The nation’s oldest operating toy store, FAO Schwarz, is turning 150 years old this year. To commemorate this milestone, the company has assembled a collection of more than 20 iconic toys spanning the decades that customers can view at its Fifth Avenue store in New York until April 10.
The toys date to the early years of the 20th century and include a Richard Stieff Teddy Bear. Also on display are the original Barbie and Ken dolls, a prototype of the Etch A Sketch, and seven of the original Hot Wheels cars. Many of the items come from the archives of the toy manufacturers that made them, and some are in their original packaging.
There also are a few glimpses into the history of FAO Schwarz itself. The company’s iconic FAO Schwarz Clock Tower, pictured here, adorned the store from 1986 to 2004, and has returned to mark the occasion, singing out the theme song, “Welcome to Our World of Toys” every five minutes.
A sales ledger from 1909 and a number of the company’s early catalogs are also on display. FAO Schwarz was one of the first retailers to use a mail-order catalog to market its products. It began the practice in 1876, 14 years after its founding during the Civil War.
Please click ahead to see a sample of the historic toys in the collection as well as get a glimpse of a few scenes from around the store.
By Christina Cheddar Berk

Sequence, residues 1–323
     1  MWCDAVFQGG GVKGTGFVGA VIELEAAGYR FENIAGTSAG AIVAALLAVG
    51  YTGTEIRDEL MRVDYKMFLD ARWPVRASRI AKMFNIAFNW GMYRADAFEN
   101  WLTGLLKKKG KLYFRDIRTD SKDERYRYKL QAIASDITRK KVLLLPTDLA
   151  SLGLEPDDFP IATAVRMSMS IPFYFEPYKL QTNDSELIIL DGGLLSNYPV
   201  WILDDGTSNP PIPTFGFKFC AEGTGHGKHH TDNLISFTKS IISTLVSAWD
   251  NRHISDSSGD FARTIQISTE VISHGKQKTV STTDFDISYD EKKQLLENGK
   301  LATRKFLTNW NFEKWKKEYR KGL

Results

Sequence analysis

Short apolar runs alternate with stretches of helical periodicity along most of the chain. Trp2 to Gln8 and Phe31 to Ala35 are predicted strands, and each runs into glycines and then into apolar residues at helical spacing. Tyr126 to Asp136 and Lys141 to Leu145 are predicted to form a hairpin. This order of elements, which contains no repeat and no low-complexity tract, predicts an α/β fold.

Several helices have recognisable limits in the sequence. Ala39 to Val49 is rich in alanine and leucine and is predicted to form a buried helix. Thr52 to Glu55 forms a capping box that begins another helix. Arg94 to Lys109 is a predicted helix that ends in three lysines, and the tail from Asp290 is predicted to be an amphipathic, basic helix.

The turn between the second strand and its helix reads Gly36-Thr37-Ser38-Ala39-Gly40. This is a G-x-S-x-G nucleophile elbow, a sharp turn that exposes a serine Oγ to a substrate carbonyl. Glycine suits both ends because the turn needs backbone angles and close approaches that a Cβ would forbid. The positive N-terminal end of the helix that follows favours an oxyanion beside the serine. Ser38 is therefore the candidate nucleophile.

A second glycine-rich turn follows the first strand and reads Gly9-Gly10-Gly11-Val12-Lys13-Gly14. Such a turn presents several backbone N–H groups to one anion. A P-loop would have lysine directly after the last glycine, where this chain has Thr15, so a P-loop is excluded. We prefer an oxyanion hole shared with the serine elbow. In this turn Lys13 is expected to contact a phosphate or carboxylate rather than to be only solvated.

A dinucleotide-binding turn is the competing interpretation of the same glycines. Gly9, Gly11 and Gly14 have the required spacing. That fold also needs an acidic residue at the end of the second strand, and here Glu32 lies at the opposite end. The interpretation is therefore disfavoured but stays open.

Posted 22 February 2012
It’s hard to say what is more iconic, the FAO Schwarz’s floor piano, which was made famous in the 1988 Tom Hanks film “Big,” or the toy soldiers that greet customers at the door. For the anniversary, rows of illuminated toy soldiers will line the store’s Grand Hall as customers enter the popular tourist destination.
Over its history, the flagship FAO Schwarz store has been located in several buildings in New York. It moved to its current location near Central Park in 1986.
The retailer went through a period of rapid expansion in the 1990s, and by 2000 operated 42 stores throughout the country. However, the company’s fortunes declined several years later and resulted in two back-to-back bankruptcy filings in 2003. The company survived, but the New York store is currently the only FAO Schwarz store operating today. The brand is now owned by Toys ‘R Us.
FAO Schwarz is also well-known for the life-sized stuffed animals it sells. These plush critters fill the Grand Hall. So it seems only fitting that the collection of toys includes a teddy bear from Stieff, one of the world’s oldest designers of stuffed animals.
The gray mohair bear pictured here is a 1905 Richard Steiff Teddy Bear, which was designed by and named after Margarete Steiff’s nephew Richard. This style was produced through 1951, and was a departure from Stieff’s earlier teddies because it had a rounded face, a blunt snout and an embroidered nose.